Sherpa Hossainy's Blog

Thailand upbeat about Japan involvement in Dawei

Posted in ASEAN, Investment, Myanmar, Yangon by Sherpa Hossainy on July 10, 2013

Published in Myanmar Business Today (Vol 1, Issue 20) on June 20, 2013

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Thailand is still hopeful that Japan will take part in the multibillion-dollar Dawei special economic zone project, a grand Myanmar-Thailand scheme to transform the Southeastern coastal strip of Myanmar into a global trading hub.

According to last week’s Thai media reports, Thai Prime Minister’s Office Minister Nivatthamrong Boonsongpaisal said Thailand is still confident that foreign governments, especially Japan’s, are keen to join the Dawei project.

Labourers work at a relocation area close to a site for a billion dollar industrial estate in Dawei district, Myanmar. Khettiya Jittapong/Reuters

The announcement came ahead of the signing of a deal to set up a special purpose vehicle (SVP) entity on June 17 in Bangkok between Thailand’s Neighbouring Countries Economic Development Cooperation Agency (NEDA) and a state agency under Myanmar’s Ministry of National Planning and Economic Development.

Despite recent reports that Japan is more interested in their own project Thilawa, another special economic zone (SEZ) 25 kilometre south of Yangon, Nivatthamrong said he was still confident that Japanese interests would join in the Dawei project, which will be bigger in size and give bigger returns than Thilawa.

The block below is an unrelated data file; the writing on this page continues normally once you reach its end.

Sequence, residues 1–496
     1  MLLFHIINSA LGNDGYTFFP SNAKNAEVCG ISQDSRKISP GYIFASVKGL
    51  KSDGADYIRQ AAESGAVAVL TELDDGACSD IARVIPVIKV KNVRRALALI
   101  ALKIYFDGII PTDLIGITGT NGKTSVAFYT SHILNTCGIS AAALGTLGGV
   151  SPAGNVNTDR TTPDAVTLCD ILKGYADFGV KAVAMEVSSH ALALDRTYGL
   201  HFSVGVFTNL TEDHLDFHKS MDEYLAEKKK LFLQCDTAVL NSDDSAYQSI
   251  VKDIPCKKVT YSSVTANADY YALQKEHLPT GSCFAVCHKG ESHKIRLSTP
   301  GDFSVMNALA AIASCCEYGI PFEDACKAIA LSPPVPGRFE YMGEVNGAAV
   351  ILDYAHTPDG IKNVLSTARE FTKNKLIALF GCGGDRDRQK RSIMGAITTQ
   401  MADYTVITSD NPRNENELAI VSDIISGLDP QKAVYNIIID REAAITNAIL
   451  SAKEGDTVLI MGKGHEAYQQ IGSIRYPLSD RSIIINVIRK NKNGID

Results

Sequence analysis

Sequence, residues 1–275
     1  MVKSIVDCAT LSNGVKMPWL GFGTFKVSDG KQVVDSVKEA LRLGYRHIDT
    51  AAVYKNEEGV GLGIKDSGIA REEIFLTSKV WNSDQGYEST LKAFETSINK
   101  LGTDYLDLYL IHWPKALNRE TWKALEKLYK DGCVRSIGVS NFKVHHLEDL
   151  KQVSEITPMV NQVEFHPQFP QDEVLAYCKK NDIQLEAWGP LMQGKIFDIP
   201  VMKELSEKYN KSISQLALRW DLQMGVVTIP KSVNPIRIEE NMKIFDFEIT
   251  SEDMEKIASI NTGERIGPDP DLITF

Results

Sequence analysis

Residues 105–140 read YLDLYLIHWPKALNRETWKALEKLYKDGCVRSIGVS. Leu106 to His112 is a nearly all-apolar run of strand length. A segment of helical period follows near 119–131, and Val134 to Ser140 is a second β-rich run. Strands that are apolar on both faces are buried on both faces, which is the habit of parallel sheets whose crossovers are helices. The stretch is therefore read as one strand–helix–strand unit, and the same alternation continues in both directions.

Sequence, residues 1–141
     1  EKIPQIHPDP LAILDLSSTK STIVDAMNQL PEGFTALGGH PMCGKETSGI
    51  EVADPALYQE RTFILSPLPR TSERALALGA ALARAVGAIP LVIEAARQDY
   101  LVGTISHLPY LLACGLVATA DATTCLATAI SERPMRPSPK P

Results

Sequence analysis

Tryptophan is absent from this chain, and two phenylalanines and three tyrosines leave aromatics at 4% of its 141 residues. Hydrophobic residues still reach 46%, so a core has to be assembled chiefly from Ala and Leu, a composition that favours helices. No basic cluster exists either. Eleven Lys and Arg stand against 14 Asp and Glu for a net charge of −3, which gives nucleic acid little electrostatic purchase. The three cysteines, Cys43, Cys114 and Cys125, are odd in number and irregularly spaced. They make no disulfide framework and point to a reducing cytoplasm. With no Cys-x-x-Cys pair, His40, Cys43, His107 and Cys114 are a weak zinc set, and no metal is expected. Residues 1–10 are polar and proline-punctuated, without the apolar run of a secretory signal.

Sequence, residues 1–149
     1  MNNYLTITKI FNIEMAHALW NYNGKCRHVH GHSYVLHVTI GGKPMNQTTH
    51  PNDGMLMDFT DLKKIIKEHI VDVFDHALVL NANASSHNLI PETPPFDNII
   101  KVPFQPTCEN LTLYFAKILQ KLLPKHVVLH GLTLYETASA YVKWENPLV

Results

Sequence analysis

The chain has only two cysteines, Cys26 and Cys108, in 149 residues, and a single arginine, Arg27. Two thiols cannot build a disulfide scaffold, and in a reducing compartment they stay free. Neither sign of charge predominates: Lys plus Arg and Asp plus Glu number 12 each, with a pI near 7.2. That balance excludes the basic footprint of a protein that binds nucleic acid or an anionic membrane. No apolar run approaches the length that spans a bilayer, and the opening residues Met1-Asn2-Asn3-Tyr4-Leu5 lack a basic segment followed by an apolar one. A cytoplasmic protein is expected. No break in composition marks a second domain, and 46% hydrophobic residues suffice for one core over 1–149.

The Dawei deep sea port project has been dubbed as Southeast Asia’s biggest industrial zone, which includes 200-square-kilometre industrial complex with steel mills, oil refineries and petrochemical plants, a deep sea port and an eight-lane highway linking Dawei to major industrial zones and the port southeast of Bangkok.

The Italian-Thai Development (ITD) Co was put in charge to complete the construction of the project, however, ITD was unable to raise $8.5 billion to kick-start the first phase of the massive $50-billion SEZ. Shadows of doubt were cast over the project after experts said the projected return on investments might not be as high as previously calculated.

Myanmar and Thailand both tried to court Japan into financing the mega project but Japan seemed lukewarm about the prospect of Dawei, and was rather more interested in Thilawa.

Currently, the Thai and Myanmar governments each hold 50 percent stakes in the SPV. The entity will try to attract other countries, especially Japan, to take part in the SPV, according to Nivatthamrong, who added some countries were expected to join this year.

An investment framework agreement between the SPV entity and the Dawei Special Economic Zone Management Committee will follow the SPV creation.

Nivatthamrong co-chairs the Myanmar-Thai Joint Coordinating Committee overseeing the Dawei development project.

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